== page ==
The Diverse Desires of a Fallen Angel

Robert Frost is alleged to have said, when told that there were thousands of poets writing in America, that there have not been thousands of poets since the beginning of time. I have been unable to verify that it was Frost who said this, or if indeed it was ever said by anyone, other than me. Nevertheless I have always used it to contrast with the hundreds if not thousands of would-be poets who exploded on the American literary scene beginning with the beatniks in the 1950s.

Smitten as I was in the 1970s by Allen Ginsberg and Charles Bukowski and other members of the Beat Generation, and lucky as I felt to be living in Detroit when Dudley Randall, a fellow librarian, was going strong with his Broadside Press, publishing the works of angry black writers at the forefront of the civil rights movement, I began my own modest publishing outfit called Fallen Angel Press. No sooner had I named it than I began receiving letters and manuscripts from writers who were certain that I would be interested in their writing about the occult. I wasn’t. The fallen angel was not Lucifer, it was me, angelic boy turned hippy.

I bought a proof press, a massive contraption that was once used by printers to pull a proof after type had been hand set. Setting type was an arduous process, through which I produced a Christmas card, a bookmark containing a poem called “Bloodletting Is Beautiful” by a friend named Roberta Greifer, and a book by a college friend, Michael Scott-Burke, called No Closed Parentheses. From that ink-splattered experience, I learned that I did not want to be a printer, I wanted to be a publisher.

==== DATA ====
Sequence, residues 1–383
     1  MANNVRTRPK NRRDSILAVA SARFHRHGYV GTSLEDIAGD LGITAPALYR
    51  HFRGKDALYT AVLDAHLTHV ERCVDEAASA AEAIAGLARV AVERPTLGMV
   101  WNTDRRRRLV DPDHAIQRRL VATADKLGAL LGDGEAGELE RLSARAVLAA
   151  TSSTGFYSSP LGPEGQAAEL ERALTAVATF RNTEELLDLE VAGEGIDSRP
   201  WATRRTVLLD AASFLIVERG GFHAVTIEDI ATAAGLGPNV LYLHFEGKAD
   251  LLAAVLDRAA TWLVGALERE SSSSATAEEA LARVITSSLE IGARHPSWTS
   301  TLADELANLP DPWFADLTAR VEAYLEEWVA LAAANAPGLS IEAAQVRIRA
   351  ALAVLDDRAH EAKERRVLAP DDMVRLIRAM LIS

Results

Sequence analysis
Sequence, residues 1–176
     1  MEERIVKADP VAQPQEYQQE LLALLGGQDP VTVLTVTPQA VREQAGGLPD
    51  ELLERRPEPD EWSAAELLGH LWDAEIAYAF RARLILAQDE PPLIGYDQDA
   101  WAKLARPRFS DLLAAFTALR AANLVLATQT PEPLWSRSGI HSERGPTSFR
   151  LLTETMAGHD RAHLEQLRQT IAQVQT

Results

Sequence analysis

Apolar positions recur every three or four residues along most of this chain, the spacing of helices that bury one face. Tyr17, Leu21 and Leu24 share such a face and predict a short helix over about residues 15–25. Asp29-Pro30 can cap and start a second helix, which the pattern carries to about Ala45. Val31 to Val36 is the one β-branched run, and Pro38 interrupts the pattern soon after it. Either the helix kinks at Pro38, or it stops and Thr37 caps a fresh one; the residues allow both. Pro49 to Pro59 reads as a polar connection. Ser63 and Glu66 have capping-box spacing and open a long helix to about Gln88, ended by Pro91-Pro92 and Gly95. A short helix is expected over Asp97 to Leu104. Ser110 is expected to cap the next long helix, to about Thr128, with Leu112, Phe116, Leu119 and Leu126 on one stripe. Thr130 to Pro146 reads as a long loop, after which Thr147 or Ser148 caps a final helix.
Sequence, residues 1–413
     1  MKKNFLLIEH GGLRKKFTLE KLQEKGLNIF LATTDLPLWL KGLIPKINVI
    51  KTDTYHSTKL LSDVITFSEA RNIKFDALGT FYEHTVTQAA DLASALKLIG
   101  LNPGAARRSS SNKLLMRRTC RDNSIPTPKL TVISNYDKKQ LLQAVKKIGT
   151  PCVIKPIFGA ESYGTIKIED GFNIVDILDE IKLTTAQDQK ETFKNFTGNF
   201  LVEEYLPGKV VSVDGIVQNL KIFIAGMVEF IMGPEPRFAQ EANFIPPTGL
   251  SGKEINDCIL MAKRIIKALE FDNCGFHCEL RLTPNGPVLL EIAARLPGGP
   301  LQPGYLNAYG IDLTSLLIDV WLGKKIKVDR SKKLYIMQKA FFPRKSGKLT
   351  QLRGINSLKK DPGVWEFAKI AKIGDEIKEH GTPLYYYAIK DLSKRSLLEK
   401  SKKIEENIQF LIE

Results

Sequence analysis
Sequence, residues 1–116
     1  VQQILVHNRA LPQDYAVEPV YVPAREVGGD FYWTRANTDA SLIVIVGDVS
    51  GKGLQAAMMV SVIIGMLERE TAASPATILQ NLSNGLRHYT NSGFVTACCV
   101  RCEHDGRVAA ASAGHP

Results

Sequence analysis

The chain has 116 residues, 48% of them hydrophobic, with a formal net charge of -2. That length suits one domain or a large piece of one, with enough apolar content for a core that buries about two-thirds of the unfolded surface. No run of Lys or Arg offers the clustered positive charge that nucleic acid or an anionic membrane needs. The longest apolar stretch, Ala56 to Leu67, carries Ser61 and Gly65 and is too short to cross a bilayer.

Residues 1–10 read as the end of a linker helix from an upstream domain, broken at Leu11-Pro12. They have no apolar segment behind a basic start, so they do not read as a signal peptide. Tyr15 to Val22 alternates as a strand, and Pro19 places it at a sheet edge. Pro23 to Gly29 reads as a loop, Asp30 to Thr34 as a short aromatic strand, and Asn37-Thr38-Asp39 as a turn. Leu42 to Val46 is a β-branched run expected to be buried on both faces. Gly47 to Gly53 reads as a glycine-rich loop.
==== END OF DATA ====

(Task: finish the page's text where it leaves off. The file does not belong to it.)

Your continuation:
I decided early on that I wanted to publish the works of a diverse set of poets. I wrote a press release announcing that I was looking for poets to publish. At first it was friends whose work I published: Margaret Kaminski’s La Vida de la Mujer, Guy Veryzer’s The Male Whore’s Song. I cast my net a little wider with Michigan authors Lee Upton, Small Locks, and Rosa Maria Arenas, She Said Yes. I got to know Lawrence Pike and published his Hideout Matinees. The responses came flooding in–not purchase orders, mind you, responses. From unsolicited submissions, I chose A.D. Winans’ All the Graffiti on All the Bathroom Walls of the World Can’t Hide These Scars, Helen Duberstein’s The Voyage Out, E.G. Burrows’ On the Road to Bailey’s, and Lynn Strongin’s Toccata of the Disturbed Child. Without really planning it, I had published authors who were gay, Jewish, and African American, Latina, along with straight WASP white men and women.

Veryzer’s book caused a brief stir when objections poured into the Michigan Council for the Arts over a small grant that helped pay for its publication. A call came to me at work at the Detroit Public Library from the MCA, just to inform me that I had stirred up a little controversy. I mostly ignored it.

Then came Melba Joyce Boyd and her book Cat Eyes and Dead Wood, to be illustrated by her friend Michele Gibbs Russell. Today, Amazon describes the books to potential buyers this way: “Uncommon African American book which contains some previously published poems. This collaborative work is the first publication by two African American women activists–a writer and an illustrator, both residents of Detroit. Rear cover has photographs of them.”